My other criticism of this film is that I don’t feel like there is anything redeeming about any of the characters.  Nothing.  And while that dislikability of characters became a somewhat popular trope with crime/violent films in the 1990s, especially the early 1990s (think The Last Seduction, 1994), I was less impressed than I felt I should have been with all the critical praise the film got at the time.  I remember going to the cinema in anticipation of greatness.  I was expecting a commercial Godard.  Instead, I just got a violent commercial with a good torture scene, some good music and, the one thing I will give Tarantino credit for, a new signature flashback/cicular narrative style.

The narrative of the film is straight forward.  There’s been a botched diamond heist.  The surviving members all suspect each other.  There are three main things that happen in the narrative after the diner scene:  Mr. Orange (Tim Roth) is shot and Mr. White (Harvey Keitel) is trying to get a doctor but these are the days before cell phones.  Mr. Pink arrives at the warehouse and essentially tells Mr. White that Mr. Orange is a liability.  Mr. Pink shouts.  A lot.  Soon Mr. Blonde (Michael Madsen) arrives and he has a surprise, a cop he’s kidnapped during the robbery.  SPOILER ALERT IF YOU HAVEN’T SEEN THE FILM.

Mr. Blonde tells Mr. White and Mr. Pink to ditch their cars.  Mr. Blonde then proceeds to torture the rookie cop he’s kidnapped in a now famous scene to the Stealer’s Wheel song “Stuck In the Middle With You”.  It is a great scene and as far as torture goes, Tarantino builds up the tension between an alternation of long shots, medium shots, close ups of objects, like the razor that will cut off the cop’s ear, the radio that will play the music that is a counterpoint to the terrifying scene unfolding, and finally, the surprise end of the scene which I will not divulge.

While the present narrative plays out, it is intercut with flashbacks informing us how the members of the team met and revealing how the undercover cop got on the crew.  Tarantino’s use of flashbacks intercut with the present is perhaps the most clever part of his narrative trope.  Instead of a linear story, we start before the robbery, jump to the aftermath of the robbery, jump back to the past as the crew is formed, jump to the present, etc.  This jars the viewer which in turn places them in a position of slight confusion as to where they are in the story, what’s happening, and who is responsible for the narrative itself.  Perhaps it is because we get multiple POVs that we feel as alienated as some of the cons.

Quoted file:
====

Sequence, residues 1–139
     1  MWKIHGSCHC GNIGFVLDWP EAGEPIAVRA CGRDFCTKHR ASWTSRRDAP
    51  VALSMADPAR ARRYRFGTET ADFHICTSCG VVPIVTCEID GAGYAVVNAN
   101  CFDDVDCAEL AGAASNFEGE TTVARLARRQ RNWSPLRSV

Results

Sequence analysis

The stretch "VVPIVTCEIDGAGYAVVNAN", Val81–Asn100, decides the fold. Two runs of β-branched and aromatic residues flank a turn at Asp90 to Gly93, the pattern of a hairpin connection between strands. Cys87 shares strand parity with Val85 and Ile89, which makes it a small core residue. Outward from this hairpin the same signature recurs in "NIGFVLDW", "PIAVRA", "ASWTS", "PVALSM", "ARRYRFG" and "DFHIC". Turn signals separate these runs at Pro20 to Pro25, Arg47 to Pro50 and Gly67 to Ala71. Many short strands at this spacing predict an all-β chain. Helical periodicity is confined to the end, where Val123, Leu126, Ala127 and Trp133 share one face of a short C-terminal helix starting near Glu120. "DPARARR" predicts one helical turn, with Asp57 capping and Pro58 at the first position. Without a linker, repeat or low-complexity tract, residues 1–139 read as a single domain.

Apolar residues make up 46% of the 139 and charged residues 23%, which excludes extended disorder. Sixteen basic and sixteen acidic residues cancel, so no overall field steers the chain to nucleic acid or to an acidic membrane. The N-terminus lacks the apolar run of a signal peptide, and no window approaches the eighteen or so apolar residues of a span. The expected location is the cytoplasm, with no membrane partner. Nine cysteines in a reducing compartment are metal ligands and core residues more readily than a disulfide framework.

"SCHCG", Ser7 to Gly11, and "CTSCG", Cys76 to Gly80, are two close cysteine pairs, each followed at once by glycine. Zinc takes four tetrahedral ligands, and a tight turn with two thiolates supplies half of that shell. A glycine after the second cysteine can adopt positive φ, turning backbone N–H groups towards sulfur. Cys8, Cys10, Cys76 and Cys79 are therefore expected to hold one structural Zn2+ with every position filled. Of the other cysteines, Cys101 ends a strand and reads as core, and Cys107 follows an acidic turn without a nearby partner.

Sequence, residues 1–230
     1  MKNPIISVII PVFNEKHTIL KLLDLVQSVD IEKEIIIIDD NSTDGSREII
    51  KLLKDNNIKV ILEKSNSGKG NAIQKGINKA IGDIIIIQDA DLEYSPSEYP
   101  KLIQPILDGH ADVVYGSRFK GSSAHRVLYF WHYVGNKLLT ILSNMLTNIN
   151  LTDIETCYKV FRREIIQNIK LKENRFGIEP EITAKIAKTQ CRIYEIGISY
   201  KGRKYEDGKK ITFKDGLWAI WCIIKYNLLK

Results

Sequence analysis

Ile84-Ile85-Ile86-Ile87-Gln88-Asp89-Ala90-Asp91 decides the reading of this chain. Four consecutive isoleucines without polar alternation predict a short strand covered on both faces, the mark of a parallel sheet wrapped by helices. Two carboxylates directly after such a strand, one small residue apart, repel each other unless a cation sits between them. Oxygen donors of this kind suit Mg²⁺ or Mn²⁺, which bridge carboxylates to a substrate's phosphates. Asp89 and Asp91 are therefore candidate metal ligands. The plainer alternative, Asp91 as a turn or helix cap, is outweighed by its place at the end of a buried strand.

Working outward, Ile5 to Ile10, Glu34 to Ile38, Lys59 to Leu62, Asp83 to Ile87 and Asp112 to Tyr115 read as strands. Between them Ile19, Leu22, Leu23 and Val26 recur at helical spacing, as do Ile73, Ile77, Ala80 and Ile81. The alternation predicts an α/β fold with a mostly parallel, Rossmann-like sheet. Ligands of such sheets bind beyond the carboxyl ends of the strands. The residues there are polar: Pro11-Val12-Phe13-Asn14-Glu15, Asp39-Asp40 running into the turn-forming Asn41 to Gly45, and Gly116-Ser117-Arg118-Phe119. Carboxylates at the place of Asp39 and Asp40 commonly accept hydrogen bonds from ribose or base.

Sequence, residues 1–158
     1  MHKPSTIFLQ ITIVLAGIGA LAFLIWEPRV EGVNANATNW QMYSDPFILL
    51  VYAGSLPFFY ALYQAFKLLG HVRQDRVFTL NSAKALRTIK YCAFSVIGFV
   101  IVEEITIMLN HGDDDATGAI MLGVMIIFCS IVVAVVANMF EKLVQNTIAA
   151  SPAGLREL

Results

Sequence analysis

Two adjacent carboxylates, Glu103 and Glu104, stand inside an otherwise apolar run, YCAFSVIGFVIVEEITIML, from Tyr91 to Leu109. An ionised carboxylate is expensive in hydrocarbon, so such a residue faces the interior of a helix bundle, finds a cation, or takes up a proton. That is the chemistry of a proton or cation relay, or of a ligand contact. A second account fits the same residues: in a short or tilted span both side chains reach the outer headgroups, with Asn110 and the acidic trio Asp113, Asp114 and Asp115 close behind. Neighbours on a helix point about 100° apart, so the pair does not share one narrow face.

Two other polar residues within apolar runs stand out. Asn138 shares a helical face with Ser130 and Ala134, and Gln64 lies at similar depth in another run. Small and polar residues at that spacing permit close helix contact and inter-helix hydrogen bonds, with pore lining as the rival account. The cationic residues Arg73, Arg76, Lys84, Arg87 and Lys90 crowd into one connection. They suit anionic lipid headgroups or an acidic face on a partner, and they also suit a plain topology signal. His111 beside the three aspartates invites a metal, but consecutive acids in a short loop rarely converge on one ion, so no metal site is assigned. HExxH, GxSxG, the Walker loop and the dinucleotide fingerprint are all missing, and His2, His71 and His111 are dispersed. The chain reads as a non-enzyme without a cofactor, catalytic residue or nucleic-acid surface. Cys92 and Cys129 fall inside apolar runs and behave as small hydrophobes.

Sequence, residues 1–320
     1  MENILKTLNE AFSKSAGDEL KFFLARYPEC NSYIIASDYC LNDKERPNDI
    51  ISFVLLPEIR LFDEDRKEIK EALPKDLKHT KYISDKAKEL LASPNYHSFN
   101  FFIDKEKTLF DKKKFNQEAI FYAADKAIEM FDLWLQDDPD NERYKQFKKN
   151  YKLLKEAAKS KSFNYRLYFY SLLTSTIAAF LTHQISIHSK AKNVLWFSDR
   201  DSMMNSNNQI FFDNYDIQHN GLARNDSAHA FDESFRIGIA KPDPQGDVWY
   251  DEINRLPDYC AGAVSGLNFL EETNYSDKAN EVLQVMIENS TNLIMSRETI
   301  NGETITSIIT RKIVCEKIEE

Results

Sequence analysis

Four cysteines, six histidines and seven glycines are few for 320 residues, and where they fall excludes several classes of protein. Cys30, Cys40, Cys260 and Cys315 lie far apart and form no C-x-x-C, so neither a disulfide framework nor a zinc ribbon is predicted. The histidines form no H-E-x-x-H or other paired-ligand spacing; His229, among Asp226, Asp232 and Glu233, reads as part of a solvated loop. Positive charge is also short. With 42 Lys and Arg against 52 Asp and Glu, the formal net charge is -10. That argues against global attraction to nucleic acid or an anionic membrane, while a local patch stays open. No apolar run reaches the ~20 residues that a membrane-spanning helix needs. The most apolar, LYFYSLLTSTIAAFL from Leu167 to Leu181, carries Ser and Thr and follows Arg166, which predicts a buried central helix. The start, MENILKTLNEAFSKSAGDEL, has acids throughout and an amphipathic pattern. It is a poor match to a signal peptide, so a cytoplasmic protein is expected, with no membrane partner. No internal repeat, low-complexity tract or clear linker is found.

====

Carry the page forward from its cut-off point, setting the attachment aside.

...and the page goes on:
This alienation also plays a key role in the final scene, in the shootout involving Mr. White, Nice Guy Eddie (Chris Penn) and Joe Cabot (Lawrence Tierney).   I believe, what made this film such a sensation, besides the torture scene involving Mr. Blonde and the cop, is the fact that they all shoot each other and even our undercover cop is killed.  Usually someone survives.  In this case, from what we can tell, the obnoxious Mr. Pink is the sole survivor but he gets picked up by the police as he makes his escape (from what we hear offscreen).  So, in one sense, Mr. Orange has accomplished his goal.  All the bad guys are caught.  He just didn’t live to see it.  And herein lies my problem, I don’t actually feel bad that Mr. Orange has been killed.  Instead, the triple shooting death that comes as a result of Joe shooting Mr. Orange, trumps Mr. Orange’s death, as an individual.  But then again, this movie was about a dysfunctional group of gangsters working together and it ended  as a dysfunctional group of gangsters dying together.  I just believe the whole thing would have been more poignant if there had been some humanity.  Somewhere.  When I finish watching a film and don’t care that they all died, I start to question why.  And it goes back to character, or lack of character, in the film.  Yes, these characters were ‘characters’ but they weren’t human.  Tony Soprano is human.  That’s the difference between a great character and a bunch of mediocre ones that stand alone for shock value.

Watch my Vlog Review on YouTube.

One Response to “Revisiting Reservoir Dogs”

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  1. Reservoir Dogs | The Movie Report - November 27, 2011

    […] Revisiting Reservoir Dogs (romisreviews.com) Share this:DiggLike this:LikeBe the first to like this post. By Craig • Posted in Blu-Ray, Movies, Thriller Reviews • Tagged Chris Penn, Harvey Keitel, Michael Madsen, Pulp Fiction, Quentin Tarantino, Reservoir Dogs, Steve Buscemi, Tim Roth 3 […]